We have gone from picking out words from our magic-box to realising that there are times when we have to build them to express specific meanings. Sometimes, we do this more straightforwardly and sometimes, less, but in all instances, we do it with much ingenuity. Up till this point, the idea that we have deviously led you into is that every additional item/bit of additional material in a word carries with it a specific additional meaning. And this is regardless of whether we are able to tease out this additional item easily (as in the IA view) or less so (as in the IP view). It seems very easy for us to say, for instance, that the additional item ‑s in cats equates more than one, so that every time we see a ‑s bit at the end of a word such as cars, toys and bubbles, the ‑s bit means more than one.
However, we run into problems with this view if we take it too seriously. The ‑s bit at the end of the word in cars, toys and bubbles means more than one no doubt, but some bit in oxen, children and alumni means more than one as well. Whatever these bits are, it is clear that they are not ‑s. It is far less easy than we think it is, in other words, to associate a particular bit/item with a particular meaning, because a meaning (of more than one in this case) can exist even without the presence of the bit usually associated with that meaning. And if we think about two sheep, there is no bit at all on sheep that shows that we are talking about more than one.
The Word and Paradigm view
In the WP view, we basically move ourselves away from the sticky problem of saying which item in a word carries the meaning of more than one. Instead, we begin to talk about relationships between words. We begin to talk in analogies or, if you prefer, we begin to talk about relationships that parallel one another. Instead of saying that the ‑s bit in cats mean more than one, we now say that cats is related to cat in the same way that oxen is related to ox, alumnus to alumni and sheep to sheep. What we are saying then is that the relationship between cat and cats parallels the relationship between ox and oxen, which parallels the relationship between alumnus and alumni, and these sets of relationships in turn parallel the relationship between sheep and sheep. And these parallels are such that if we put these pairs of words in columns (or what linguists like to call paradigms) like that shown below, we can easily figure out that a word in the second row of each column as the more than one counterpart of the word above it.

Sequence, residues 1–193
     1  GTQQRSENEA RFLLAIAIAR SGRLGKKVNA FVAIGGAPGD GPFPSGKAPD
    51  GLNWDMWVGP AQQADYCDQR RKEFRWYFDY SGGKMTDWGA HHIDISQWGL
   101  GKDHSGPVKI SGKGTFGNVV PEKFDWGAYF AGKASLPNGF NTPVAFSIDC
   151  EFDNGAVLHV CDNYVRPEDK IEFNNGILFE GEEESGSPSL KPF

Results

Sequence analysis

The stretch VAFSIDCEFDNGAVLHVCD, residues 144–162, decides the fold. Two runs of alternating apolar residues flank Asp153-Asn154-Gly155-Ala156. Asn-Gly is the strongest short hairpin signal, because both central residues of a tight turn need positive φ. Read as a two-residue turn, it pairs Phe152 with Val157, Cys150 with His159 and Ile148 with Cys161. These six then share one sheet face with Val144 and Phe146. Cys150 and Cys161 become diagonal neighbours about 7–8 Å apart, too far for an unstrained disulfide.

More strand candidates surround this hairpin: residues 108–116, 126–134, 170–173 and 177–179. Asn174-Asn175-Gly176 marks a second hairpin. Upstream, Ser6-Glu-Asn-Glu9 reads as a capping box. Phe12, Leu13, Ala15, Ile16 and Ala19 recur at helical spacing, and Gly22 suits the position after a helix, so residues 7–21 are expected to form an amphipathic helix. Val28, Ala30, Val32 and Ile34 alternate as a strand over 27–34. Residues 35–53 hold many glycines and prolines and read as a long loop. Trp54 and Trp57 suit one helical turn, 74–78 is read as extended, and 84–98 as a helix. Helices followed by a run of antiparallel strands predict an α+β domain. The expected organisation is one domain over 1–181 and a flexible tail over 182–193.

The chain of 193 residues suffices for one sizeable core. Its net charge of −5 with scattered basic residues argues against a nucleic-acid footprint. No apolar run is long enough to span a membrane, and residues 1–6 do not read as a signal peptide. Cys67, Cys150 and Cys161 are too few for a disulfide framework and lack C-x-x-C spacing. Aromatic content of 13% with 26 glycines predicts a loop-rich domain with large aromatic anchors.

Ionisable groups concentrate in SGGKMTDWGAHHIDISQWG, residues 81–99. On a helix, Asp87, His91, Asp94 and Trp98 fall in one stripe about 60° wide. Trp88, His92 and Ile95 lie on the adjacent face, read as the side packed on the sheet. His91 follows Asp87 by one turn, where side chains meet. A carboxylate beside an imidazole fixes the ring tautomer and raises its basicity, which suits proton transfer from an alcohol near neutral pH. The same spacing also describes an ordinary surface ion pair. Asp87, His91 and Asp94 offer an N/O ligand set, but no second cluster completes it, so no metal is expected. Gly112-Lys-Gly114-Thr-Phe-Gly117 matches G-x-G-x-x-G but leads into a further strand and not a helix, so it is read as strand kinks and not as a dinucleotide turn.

It doesn’t matter now that the additional item in cats, oxen and alumnus all differ, i.e. ‑s versus ‑en versus ‑us, respectively, or that there is no additional item such as in the case of sheep, because the WP view, unlike the IA view, does not demand that we assign specific items in a word to specific meanings. The more than one meaning is infused into the nature of the whole word itself, so to speak. From the WP view of word-building, we do not so much build the meaning of more than one into a word; rather, we assign the meaning of more than one to the whole word. One way of understanding the WP view to word-building is to think of a little girl who has looks similar to a grown woman, but who is much younger in age and smaller in size. Intuition would lead us to a guess that the little girl concerned might be the daughter of the grown woman. This intuition is not pure intuition without any grounds. This intuition stems in fact from our past experience of seeing other little girls who have looks similar to other grown women, but who are much younger in age and smaller in size, being daughters of those grown women. In the same manner that we use to guess how a little girl might possibly be the daughter of a grown woman, we are using our knowledge of how alumni means more than one alumnus, and cats means more than one cat, to arrive at the conclusion that oxen might mean more than one ox.
Before we end this word‑building trip, we have two things to say. First, you may not always be conscious of the word‑building strategies that we’ve introduced partly because word-building itself is so intuitive to all of us. Second, the three views to word-building may not be as clear-cut as we’ve made them out to be. For instance, in case you’re wondering, and if you are, we’re happy that we’ve caused you to wonder, we can explain the shift from cat to cats in any of these views. It is when we start to look at the more marginal types that we begin to think that one of the views may be more explanatory than the others.
We have not spoken about whether any of these views actually corresponds to what goes on inside your head when you want to make a form which means more than one. That would take us too far from our purposes here. Regardless of whether the word-building strategies we use are a matter of choice or necessity, one thing’s undeniable: we surely are master‑builders of words!